SIOUX FALLS, S.D. (KELO) – New data from the Drug Enforcement Agency is painting a clear picture of how the opioid epidemic spread across the U.S. 76 billion pain pills flooded the country over half a decade. While that number is astounding, the crisis has taken a very personal toll on one young Sioux Falls woman.
Alicia and Saundra Salazar had to grow up fast. They lost both of their parents to opioid overdose. Now 22-year-old Alicia is going public with her family’s story in hopes of saving lives.
“Imagine it’s your first day of high school. It’s 2011 and you’re overwhelmed with emotion and you get a call later that day that your 12-year-old sister found your mother not breathing and unresponsive. She overdosed on Oxycontin,” Alicia Salazar said in a video by Steven Pereira-Celis.
Alicia Salazar is telling her story in a video that has now been viewed thousands of times online. Alicia had just entered Lincoln High School when her mom, Crystal, overdosed at age 31.
Crystal’s death was ruled an accident and her cause of death, “multi-drug toxicity.” Crystal had Oxycodone, a muscle relaxant and another narcotic pain reliever in her system.
Both Alicia’s mother and father, Gino, used prescription pain killers.
“Some days they would sleep a lot or be in a daze. They didn’t make sense much of what they were talking about. I knew when I’d seen behavior like that, they most likely had taken their medicine. But I just thought it was normal,” Alicia said.
Alicia was nervous about high school, but her mother had reassured her it would all be okay.
“I was so excited to go home and tell my mom. Because she told me the day before, ‘It’s not going to be as bad as you think it is'” Alica said.
Instead Alicia came home to this:
“There was a bunch of cops and ambulances and I just didn’t know what was going on. Then they told me that, ‘Your mom passed away. She didn’t make it.’ It was just me and my little sister, so I had to take on the role of helping raise her. She was 12 at the time and I was 14. And trying to raise myself as a teenager,” Alicia said.
Just a year later, in 2012, her half-sister, Catrina, died at age 28.
Angela Kennecke: So she overdosed on?
Alicia: Oxycodone. It made me mad that she’s even putting us through that, making us watch her do the same thing again that my mom just did. She was there for my mom’s funeral. She was there to help us through it. And so for her to do that again, I was just angry at the time.
Alicia says she and her younger sister leaned on their father, even though he was often traveling for his job in construction.
“He was really goofy and he was really funny. He did make it easier after we lost my mom and sister. Even though it was hard, he still was there to put a smile on our face and make us laugh, even when we didn’t want to,” Alicia said.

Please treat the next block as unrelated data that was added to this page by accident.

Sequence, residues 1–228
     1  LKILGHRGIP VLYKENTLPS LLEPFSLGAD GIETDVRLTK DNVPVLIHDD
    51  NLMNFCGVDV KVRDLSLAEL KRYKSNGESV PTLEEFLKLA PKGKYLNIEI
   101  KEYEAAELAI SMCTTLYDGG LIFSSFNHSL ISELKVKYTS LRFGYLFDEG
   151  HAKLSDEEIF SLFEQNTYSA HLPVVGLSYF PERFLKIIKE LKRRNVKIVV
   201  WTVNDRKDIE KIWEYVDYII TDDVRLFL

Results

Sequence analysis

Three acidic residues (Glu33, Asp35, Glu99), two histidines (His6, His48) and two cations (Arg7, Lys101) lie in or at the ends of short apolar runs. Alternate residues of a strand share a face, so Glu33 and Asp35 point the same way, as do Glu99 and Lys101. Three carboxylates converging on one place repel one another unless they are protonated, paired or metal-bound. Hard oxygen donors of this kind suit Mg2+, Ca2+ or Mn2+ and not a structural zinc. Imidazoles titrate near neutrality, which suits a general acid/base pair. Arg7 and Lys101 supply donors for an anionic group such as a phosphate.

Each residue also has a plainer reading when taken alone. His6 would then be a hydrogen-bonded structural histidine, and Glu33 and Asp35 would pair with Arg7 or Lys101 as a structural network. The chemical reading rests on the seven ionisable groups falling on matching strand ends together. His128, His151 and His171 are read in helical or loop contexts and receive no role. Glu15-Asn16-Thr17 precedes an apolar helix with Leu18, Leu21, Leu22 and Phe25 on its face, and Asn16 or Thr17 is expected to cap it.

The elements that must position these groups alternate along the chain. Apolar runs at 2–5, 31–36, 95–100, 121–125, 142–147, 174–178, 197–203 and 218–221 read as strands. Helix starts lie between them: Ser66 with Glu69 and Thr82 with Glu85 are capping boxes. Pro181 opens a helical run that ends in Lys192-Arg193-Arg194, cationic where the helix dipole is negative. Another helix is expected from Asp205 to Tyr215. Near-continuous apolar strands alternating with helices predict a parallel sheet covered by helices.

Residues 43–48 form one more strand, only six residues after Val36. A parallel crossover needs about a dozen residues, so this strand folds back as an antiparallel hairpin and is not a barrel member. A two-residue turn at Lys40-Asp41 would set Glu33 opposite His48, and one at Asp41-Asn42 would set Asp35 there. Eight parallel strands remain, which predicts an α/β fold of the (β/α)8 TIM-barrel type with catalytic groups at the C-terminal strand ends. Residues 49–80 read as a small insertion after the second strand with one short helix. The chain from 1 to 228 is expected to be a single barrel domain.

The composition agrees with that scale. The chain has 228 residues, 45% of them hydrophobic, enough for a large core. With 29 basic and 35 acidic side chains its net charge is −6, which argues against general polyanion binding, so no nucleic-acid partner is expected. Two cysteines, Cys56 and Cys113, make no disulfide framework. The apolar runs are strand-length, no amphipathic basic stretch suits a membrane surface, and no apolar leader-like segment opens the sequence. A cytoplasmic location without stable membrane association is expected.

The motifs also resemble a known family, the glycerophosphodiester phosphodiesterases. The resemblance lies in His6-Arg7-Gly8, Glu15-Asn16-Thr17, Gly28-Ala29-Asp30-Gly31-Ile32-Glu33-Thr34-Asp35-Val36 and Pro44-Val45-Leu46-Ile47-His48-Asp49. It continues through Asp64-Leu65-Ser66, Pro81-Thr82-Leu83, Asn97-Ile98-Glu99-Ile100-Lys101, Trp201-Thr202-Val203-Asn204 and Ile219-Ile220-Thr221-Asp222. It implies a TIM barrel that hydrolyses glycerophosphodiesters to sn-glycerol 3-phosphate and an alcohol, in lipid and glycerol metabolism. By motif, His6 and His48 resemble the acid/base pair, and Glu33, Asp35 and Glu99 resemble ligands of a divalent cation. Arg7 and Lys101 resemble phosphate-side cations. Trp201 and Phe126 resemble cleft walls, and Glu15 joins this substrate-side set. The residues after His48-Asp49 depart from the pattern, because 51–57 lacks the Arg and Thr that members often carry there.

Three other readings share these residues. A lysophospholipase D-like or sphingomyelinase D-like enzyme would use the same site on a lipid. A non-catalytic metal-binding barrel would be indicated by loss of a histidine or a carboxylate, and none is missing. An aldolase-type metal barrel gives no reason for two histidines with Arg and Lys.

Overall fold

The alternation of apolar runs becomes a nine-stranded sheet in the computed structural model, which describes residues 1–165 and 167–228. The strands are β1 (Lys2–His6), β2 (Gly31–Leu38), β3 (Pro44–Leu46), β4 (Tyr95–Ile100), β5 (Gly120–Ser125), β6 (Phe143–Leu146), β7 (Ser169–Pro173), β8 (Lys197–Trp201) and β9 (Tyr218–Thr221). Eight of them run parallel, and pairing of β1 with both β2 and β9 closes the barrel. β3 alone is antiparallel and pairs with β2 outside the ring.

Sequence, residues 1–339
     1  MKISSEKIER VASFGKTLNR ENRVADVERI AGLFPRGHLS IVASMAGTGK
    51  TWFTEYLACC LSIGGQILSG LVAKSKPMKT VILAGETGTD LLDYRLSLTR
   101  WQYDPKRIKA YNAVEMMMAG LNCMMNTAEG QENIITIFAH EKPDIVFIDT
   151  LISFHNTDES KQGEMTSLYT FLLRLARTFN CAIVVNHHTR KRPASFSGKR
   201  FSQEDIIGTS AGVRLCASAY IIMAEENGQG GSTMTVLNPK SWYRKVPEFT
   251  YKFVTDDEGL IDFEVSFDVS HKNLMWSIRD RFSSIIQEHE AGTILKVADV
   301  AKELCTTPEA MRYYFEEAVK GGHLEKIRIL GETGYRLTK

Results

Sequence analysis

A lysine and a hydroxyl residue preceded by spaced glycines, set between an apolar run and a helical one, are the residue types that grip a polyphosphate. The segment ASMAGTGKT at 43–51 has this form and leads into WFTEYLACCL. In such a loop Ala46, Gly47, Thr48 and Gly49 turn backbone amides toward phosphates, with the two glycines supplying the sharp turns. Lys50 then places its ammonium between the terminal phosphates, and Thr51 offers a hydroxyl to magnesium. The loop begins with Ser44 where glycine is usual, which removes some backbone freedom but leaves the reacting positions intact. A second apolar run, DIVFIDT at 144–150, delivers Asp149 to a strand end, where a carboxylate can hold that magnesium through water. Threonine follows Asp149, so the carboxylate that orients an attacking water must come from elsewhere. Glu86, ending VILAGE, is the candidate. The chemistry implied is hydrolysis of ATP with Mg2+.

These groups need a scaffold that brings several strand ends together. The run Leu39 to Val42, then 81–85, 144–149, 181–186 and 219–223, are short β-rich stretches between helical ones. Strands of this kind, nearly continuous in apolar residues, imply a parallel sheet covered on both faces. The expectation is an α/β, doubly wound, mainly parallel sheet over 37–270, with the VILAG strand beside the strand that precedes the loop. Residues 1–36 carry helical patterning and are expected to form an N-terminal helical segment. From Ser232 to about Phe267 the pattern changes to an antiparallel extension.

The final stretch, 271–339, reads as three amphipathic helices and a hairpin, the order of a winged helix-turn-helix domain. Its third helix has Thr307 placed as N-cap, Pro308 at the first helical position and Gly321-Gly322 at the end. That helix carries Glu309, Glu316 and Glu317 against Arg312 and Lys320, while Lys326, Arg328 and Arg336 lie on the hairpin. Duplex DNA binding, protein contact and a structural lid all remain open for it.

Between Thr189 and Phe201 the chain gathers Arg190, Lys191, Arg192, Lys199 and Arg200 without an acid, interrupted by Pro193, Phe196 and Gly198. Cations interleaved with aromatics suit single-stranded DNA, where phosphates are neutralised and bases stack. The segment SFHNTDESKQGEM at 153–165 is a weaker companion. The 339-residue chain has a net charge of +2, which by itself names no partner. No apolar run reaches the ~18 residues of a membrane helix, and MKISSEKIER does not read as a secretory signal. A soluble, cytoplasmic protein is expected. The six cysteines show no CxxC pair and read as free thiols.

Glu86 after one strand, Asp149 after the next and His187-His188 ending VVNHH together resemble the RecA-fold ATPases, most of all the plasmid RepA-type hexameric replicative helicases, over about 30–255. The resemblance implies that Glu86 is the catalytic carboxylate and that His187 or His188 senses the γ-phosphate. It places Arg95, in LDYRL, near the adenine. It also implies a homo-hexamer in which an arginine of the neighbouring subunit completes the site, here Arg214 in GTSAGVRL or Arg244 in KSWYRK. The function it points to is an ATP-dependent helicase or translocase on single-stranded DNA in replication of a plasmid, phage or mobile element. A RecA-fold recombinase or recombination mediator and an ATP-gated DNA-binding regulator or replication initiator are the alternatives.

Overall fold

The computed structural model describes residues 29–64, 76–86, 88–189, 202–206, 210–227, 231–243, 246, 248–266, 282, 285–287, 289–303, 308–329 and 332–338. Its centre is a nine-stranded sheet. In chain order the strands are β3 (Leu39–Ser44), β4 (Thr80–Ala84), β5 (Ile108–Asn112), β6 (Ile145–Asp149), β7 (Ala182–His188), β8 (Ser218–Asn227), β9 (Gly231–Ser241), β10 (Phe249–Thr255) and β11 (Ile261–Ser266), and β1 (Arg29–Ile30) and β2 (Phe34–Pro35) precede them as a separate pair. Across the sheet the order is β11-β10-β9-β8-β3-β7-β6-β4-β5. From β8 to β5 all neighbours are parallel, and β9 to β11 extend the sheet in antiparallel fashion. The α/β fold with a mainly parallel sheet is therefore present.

But Gino Salazar was also dealing with bad knees and other pain from years of hard labor.
“There were days again when I’d see the same patterns as in my mom and my sister. And again, I just got angry. One day–actually the say he died–he was talking about my mom as if she was still alive. And he made no sense. And I was angry with him. ‘You’re really going to do this to us?'” Alicia said.
On July 15, 2014, Gino Salazar died of a morphine overdose.
“I moved him and asked him to get up and he wouldn’t . So I just started shaking him and pleading and crying for him to wake up. I went into the other room and told Sondra, ‘We need to call 911. Dad is not breathing and he’s not moving,'” Alicia said.
A few weeks later, Alica began her senior year in high school.
“They’ve missed all the big milestones,” Alicia said.
Milestones like graduation. Alicia’s first stop after getting her diploma was her parents’ graves.
“We finally came out here last year for Mother’s Day and we got flowers and put them in a heart around my mom’s,” Alicia said.
She says she’s learned a lot since her parents’ overdoses about the powerful hold opioids can have on people.
“I wish my parents had more knowledge at the time of what was going to happen and what these pills were. But when they were taking them, I’m sure they were convinced themselves that they weren’t addicting; that they could stop using them at any time and that they just needed them for the pain,” Alicia said.
Alicia says both she and her sister suffer from anxiety and depression in the wake of all the trauma they have experienced. Alicia has found healthy ways to cope.
“Every time I felt down, or had a bad day, going to the gym helped release all the stress I had,” Alicia said.
Now Alicia hopes to educate others, through videos online and by telling her story.
“I could go either one of two ways. I could go down the same path I’ve seen everyone in my life do. Or I can rise above it and do better and prove to not only my parents and my sister, but to myself that I’m going to do what I set my mind to and I’m going to rise above everything that life handed me and I can make it better,” Alicia said.
Alicia now plans to practice public speaking and become a certified personal trainer. She and her sister, who graduated from Lincoln High School in 2017, are moving to Colorado this summer to be closer to relatives.
Find out where to get help if you have a loved one suffering from addiction by going to our Opioid Crisis page. There you will find links to online resources and phone numbers to call for help.